In the meantime, if you haven't been following Kelana Jaya tonight, it's amazing. The whole stadium is filled to the brim, there are many more walking there, reaching there but not being able to get in. The entire PJ is in a happy, festive gridlock. Malaysians of all walks of life show up. If there is an antidote to BN's race-baiting, this picture of a sea of yellow, black and all reformation colours paint a thousand words.

One may be concerned that it is premature to have such an event at a time when emotions are still high. And what would Anwar say that could really be backed up with evidence?

I feel that as a leader, Anwar is channeling the frustration of the people into a movement of "further" change. In having this massive gathering, he is showing to BN especially Utusan, in not so many words, that the lies they concoct about Chinese tsunami is about as barefaced a lie as one can get. He is not asking for violent overthrow of the government. In fact, he is asking for calm, but the kind of steely calm with dynamic action. His is a aggressive-pacifist movement that uses public pressure on BN to force reform. We will be wearing black on Saturday to mourn for a stolen election. There will be rallies all over Malaysia in the weeks ahead, together with gathering of evidence for election petitions over the 30 or so seats suspected to have serious electoral fraud.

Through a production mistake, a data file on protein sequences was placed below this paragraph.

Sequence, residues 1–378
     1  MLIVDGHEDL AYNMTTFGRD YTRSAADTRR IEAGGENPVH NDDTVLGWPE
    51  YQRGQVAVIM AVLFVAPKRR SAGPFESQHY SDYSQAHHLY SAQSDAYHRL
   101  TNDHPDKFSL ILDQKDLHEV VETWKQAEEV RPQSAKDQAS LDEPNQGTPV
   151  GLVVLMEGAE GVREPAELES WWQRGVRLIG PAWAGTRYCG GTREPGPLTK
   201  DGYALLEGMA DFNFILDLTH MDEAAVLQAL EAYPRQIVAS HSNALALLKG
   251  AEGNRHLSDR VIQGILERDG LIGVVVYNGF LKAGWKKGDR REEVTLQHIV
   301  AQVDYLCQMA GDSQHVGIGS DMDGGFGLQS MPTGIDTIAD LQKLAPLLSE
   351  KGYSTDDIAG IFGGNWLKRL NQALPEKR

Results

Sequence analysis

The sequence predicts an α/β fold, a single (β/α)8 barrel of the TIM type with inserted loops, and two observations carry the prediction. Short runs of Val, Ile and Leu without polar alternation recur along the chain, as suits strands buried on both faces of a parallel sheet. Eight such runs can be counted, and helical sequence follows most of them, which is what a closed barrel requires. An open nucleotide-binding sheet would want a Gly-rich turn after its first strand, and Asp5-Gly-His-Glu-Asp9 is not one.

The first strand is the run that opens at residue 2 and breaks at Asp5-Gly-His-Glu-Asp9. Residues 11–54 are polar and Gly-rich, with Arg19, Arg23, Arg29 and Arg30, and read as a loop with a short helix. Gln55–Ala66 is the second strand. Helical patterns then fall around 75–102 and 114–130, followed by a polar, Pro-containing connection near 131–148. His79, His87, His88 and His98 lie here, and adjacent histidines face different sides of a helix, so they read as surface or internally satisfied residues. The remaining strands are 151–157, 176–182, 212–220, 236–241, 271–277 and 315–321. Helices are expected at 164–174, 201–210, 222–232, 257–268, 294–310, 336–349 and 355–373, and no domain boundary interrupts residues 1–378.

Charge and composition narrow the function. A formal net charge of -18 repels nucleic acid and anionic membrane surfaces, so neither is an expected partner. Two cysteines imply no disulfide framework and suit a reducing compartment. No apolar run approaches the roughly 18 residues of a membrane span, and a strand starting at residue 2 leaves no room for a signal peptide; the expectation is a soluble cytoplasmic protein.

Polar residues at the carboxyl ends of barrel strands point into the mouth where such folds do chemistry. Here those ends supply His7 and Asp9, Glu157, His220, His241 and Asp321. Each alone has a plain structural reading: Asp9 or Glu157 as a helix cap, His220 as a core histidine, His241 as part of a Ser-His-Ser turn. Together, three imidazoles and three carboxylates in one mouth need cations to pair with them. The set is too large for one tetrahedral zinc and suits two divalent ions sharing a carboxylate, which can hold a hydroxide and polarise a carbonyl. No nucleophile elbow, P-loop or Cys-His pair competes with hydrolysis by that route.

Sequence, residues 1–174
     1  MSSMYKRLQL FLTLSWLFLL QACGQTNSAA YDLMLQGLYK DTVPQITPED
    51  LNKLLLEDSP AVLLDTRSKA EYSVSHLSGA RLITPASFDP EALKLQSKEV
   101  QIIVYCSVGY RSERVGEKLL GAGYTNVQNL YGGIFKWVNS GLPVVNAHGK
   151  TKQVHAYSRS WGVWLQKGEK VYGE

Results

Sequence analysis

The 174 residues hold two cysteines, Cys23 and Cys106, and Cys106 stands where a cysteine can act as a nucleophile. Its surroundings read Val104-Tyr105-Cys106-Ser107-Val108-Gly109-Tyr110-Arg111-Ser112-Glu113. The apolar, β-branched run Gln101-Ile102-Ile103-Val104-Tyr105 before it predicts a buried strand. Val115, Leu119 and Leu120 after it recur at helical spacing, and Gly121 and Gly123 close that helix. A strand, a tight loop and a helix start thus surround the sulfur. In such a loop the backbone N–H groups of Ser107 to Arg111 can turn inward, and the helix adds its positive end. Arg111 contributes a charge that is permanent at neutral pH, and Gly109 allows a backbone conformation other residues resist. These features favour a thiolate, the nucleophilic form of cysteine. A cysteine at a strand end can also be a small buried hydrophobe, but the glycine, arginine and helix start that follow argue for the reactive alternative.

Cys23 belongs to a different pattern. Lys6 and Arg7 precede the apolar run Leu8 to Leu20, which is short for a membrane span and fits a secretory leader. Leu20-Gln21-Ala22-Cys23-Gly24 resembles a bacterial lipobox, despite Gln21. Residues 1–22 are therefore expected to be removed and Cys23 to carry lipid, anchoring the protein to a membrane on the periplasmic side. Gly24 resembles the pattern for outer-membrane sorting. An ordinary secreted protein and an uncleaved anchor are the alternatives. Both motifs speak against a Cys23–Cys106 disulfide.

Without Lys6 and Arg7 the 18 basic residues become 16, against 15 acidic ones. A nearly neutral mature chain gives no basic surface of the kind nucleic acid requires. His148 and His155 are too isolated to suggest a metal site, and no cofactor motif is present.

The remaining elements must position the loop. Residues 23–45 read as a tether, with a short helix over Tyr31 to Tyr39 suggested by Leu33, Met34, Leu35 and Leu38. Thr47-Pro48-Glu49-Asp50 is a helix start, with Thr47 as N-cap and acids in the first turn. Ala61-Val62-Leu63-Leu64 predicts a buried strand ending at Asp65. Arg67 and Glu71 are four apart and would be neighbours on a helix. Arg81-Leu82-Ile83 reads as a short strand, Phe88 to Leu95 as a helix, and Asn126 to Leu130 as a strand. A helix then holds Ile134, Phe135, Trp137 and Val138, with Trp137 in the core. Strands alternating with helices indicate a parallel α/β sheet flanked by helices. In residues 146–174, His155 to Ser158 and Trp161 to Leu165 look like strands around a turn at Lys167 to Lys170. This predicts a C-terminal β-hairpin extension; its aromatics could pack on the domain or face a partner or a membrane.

I salute Anwar. For Malaysians, who have been saturated with an unending electioneering since 2 years ago. Last Sunday was to have been the climax, and then we can return to the other things we do, a relatively comfortable life. In comparison, Anwar, with his courage and conviction, seems to have endless fighting energy. The fight as it appears, never ends. Only a genuine man passionate about his moral high ground, can sustain this kind of high at all times. I see how exhausted Najib is. Anwar too is tired too, but when he speaks, there is consistency between what he says, how he feels and what he does. With Najib, it seems that he is battling himself, looking tired, lacking conviction and coherence.

It would appear that Anwar is the true leader we may never have as PM. He is telling us not to live by the status quo, shrugging our shoulders and say "what to do"  and accept fate. We must believe that change is possible. But we have to take some risks for change to happen.